Sunday, July 29, 2018

Filmmaker's dilemma: independence and work, or life with son

By Louise Kinross

Imagine you're a young filmmaker with multiple sclerosis living in New York City. Your documentary When I Walk has won an Emmy. 
You're able to live on your own and work, because New York State Medicaid covers 24-7 care aids who come to your home. Then your marriage ends and your wife and son move to Austin, Texas.

Your symptoms worsen: you can't move your upper body or open your hands and blurred vision makes it hard to see. Because there's no consistency in state-run Medicaid, moving to be close to your son means losing home care and moving into a nursing home, where you can't set your own schedule or have a personal aid.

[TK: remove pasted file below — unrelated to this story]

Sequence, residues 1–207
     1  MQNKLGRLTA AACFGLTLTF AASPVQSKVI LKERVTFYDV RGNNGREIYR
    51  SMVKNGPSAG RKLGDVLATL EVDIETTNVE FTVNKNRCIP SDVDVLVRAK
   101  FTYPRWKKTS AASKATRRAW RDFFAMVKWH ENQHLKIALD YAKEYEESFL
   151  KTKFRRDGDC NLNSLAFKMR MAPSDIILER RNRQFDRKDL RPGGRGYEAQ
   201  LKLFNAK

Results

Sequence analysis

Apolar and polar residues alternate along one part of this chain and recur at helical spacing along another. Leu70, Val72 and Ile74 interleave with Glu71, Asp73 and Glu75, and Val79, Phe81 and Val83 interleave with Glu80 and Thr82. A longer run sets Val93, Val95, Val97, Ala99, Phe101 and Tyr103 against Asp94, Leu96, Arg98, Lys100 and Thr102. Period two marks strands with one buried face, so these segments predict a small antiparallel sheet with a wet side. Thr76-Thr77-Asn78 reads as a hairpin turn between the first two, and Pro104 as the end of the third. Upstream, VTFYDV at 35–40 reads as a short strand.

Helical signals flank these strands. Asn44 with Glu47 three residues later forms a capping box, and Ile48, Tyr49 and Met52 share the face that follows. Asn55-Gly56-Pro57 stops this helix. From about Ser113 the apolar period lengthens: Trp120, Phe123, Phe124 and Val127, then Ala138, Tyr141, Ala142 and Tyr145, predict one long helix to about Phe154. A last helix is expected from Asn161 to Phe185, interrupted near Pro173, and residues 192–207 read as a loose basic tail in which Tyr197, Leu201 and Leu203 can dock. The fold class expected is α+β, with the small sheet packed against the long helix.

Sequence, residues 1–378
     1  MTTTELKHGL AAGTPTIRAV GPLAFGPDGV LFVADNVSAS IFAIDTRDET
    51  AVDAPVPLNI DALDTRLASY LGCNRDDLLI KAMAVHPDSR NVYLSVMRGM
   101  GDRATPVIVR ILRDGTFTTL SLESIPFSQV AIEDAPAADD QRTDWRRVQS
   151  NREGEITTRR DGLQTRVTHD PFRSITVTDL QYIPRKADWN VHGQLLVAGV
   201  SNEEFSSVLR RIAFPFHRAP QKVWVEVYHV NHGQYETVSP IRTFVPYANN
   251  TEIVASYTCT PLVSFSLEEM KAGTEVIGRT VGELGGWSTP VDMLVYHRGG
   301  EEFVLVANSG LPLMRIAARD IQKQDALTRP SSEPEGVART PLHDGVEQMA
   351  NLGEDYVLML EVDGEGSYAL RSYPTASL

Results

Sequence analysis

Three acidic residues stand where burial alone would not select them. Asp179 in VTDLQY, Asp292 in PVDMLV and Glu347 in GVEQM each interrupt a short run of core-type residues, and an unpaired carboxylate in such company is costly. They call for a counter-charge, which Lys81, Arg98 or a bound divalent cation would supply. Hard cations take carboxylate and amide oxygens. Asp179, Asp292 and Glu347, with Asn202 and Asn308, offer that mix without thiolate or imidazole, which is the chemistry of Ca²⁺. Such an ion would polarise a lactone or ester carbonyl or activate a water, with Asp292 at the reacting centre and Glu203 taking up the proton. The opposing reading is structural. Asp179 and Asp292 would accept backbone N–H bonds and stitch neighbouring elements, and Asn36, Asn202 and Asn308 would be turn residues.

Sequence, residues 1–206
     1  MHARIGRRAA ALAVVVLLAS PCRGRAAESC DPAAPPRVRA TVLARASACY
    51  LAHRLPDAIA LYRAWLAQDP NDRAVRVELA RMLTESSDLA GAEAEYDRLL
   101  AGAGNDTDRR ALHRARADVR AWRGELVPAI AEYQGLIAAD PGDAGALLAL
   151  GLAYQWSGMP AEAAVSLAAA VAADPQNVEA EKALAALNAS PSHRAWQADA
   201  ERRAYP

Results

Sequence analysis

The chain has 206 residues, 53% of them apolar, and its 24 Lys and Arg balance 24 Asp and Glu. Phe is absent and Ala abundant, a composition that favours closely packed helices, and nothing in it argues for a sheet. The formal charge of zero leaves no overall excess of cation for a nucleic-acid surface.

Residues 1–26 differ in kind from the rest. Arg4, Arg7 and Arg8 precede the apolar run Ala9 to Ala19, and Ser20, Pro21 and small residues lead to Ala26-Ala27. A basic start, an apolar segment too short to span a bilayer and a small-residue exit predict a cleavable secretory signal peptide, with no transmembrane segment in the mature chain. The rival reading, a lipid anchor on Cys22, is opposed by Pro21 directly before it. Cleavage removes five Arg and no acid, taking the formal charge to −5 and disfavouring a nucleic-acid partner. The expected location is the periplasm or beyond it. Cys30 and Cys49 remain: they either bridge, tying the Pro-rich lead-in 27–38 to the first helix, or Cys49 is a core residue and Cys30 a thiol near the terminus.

Yup. Stay in New York so you can live at home and work, or move to Texas to watch your son grow up from an institution.

That's the dilemma that faces Jason DaSilva in The Disability Trap, a short film he made for The New York Times. In the film, Jason researches Medicaid care in Texas and its bordering states, and learns that his only option for round-the-clock care would be a nursing home. So he trials one.

The contrast in care, and environment, is stark. 

What's the point of having health-care, if it's not portable within your country?

It would be interesting to know what the annual cost of care in a nursing home is, compared to the 24-7 aids who rotate shifts in Jason's home in New York. 

The Disability Trap is a disturbing look at how Medicaid coverage varies wildly from state to state.